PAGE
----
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Missoula County is still in dire need of election judges.

     It certainly shouldn’t be – not in light of the fact that the Elections Office has been highlighting the urgent need for more judges for years, not to mention the recent public outcry brought on by the news that the county would have to close some polling locations due to the lack of judges.

Nevertheless, Missoula County is currently facing the prospect of entering the upcoming election season at least 255 judges short of its 600-person target. So far, only 345 have signed on – and while they deserve to be commended for doing so, they also deserve to be supported by an adequate number of judges so they aren’t forced to work double shifts on election days. 

Serving as an election judge does require a two-year commitment, with up to five elections occurring each year. Candidates must put in three hours of training, and only registered voters in Missoula County age 18 and older can qualify. Given the nature of the job, judges are under a great deal of scrutiny and must adhere to strict legal requirements.

But it’s worth it. Serving as an election judge is not a high-paying job, but it is a paying job – one that earns $120 for a full election-day shift. Most important, in exchange for a minimal time commitment, it offers a chance to better understand your community and the elections process. It’s an opportunity to fulfill a valuable civic duty.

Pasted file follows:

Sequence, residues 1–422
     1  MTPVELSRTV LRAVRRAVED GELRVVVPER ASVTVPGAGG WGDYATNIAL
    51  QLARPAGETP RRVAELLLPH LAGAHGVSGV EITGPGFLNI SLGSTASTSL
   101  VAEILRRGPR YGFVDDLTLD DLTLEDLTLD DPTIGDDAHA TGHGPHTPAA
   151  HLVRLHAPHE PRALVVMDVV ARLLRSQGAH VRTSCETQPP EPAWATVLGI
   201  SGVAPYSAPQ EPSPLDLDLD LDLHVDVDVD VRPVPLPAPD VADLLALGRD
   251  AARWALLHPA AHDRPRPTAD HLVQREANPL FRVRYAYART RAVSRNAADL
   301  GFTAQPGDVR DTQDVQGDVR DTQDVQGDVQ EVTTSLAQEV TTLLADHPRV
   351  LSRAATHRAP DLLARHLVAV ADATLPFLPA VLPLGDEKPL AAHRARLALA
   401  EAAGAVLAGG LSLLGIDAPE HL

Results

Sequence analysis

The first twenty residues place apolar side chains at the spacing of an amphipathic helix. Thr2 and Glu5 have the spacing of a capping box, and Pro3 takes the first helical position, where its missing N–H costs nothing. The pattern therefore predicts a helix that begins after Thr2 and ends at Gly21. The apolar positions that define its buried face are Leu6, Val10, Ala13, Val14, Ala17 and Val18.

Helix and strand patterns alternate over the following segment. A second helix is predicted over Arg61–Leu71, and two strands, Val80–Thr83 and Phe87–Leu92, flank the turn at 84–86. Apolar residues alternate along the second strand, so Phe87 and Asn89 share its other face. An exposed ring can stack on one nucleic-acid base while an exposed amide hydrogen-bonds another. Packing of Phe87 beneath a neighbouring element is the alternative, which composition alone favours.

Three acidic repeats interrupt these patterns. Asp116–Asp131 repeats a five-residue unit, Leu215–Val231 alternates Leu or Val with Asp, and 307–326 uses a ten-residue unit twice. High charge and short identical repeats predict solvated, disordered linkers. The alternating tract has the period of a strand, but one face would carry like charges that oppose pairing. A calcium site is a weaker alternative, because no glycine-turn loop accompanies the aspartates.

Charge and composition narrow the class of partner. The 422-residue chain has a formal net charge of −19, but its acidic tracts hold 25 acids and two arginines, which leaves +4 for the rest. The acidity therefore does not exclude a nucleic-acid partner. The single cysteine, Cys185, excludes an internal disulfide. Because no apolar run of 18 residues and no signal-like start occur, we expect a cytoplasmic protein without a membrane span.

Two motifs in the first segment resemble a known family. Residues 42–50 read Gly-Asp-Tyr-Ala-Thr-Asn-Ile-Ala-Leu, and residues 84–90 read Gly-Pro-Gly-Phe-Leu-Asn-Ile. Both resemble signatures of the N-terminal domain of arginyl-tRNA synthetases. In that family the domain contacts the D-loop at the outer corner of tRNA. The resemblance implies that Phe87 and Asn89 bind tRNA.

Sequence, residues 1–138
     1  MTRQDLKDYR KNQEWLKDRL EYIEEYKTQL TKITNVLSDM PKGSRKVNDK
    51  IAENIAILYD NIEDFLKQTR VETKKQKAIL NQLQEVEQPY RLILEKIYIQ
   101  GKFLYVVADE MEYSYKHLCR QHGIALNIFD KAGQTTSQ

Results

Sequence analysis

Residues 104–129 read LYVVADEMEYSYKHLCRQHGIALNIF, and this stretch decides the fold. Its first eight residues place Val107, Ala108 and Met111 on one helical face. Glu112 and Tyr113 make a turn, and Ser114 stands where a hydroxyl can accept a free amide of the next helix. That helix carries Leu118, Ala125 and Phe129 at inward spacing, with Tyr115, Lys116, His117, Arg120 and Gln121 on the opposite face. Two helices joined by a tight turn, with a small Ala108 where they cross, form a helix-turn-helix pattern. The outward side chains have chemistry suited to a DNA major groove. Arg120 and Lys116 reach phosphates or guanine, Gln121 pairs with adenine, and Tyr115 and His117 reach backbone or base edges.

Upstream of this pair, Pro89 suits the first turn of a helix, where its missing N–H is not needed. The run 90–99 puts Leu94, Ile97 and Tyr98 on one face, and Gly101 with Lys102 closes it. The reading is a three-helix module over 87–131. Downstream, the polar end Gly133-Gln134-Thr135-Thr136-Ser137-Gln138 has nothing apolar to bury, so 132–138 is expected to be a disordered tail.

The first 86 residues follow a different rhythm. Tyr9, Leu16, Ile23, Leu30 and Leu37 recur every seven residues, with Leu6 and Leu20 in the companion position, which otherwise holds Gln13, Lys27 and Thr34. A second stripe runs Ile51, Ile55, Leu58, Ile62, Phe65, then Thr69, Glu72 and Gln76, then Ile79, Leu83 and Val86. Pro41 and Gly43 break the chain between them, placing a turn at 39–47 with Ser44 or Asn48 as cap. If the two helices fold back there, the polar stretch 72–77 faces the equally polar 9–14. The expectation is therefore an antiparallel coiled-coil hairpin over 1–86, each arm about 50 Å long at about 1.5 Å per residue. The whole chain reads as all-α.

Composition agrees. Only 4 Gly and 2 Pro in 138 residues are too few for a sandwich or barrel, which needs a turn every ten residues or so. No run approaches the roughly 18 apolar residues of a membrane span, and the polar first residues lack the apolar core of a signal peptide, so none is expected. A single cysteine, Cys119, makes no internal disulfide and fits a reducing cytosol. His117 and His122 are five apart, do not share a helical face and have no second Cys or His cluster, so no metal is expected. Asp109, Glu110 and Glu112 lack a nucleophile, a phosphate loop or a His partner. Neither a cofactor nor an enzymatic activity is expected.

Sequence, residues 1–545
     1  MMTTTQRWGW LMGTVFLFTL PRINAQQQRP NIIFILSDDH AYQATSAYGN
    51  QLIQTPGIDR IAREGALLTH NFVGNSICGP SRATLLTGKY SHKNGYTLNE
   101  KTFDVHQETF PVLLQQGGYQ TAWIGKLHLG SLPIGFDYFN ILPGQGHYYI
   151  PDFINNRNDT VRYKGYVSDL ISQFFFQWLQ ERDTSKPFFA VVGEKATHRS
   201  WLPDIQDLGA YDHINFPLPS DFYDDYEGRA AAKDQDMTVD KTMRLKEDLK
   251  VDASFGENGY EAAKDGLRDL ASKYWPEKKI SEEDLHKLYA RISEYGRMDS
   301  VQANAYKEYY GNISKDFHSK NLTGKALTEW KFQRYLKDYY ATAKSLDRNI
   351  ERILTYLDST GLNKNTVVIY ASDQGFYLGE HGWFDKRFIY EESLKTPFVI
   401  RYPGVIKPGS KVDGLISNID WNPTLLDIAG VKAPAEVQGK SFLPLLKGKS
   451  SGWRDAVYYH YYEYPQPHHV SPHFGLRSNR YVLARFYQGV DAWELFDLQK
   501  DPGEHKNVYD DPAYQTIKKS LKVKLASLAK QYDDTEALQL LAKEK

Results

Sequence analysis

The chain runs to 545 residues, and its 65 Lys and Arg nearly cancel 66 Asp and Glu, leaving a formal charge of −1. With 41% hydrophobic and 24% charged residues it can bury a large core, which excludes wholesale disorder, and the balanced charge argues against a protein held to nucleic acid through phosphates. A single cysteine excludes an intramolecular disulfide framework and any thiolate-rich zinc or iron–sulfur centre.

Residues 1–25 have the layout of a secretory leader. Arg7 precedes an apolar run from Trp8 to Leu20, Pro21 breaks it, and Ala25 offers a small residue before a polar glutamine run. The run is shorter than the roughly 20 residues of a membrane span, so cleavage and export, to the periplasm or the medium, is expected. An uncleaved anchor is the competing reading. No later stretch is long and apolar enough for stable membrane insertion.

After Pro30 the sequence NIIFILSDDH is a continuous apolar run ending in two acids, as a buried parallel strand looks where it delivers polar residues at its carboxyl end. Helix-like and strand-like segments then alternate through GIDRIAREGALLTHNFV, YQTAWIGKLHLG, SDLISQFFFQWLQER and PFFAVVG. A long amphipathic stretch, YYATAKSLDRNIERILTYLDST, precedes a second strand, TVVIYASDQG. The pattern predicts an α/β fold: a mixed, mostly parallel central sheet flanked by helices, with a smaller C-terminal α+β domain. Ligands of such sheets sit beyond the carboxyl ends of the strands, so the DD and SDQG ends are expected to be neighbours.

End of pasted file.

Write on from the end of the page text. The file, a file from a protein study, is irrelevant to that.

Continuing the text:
And signing up to become an election judge helps ensure that Missoula’s remaining polling places will be open for future elections.

Earlier this year, County Commissioners approved a plan to cut the number of polling places from 37 to 29. They did so as a last resort, with Missoula County Clerk and Recorder and Elections Administrator Vickie Zeier noting that while the county is responsible for ensuring the integrity of elections, it is not responsible for recruiting election judges.

More polls would have been closed but for the protests of some individuals and organizations. Those who protested the consolidation of polling places may want to keep in mind that some Montana cities now have only a single polling location each, and Missoula may very well join them some day if we can’t convince more people to sign up to be election judges.

The next election will arrive in a matter of months, May 4. Election judge training began on Monday, but it is not yet too late to sign up; training continues through March. 

More Missoulians must participate; political groups must redouble their efforts to recruit judges; University of Montana students in particular should be encouraged to become judges. After all, the poll at the University Center was one of those originally slated to be closed, but public protest convinced the county commissioners to keep it. Many students have flexible schedules that would easily accommodate election days and training. Many students, too, could probably use a little extra money. Perhaps their professors might even offer to give them extra credit.

To learn more about becoming an election judge, call 258-4751 or visit the Missoula County Elections office online at www.co.missoula.mt.us/election.

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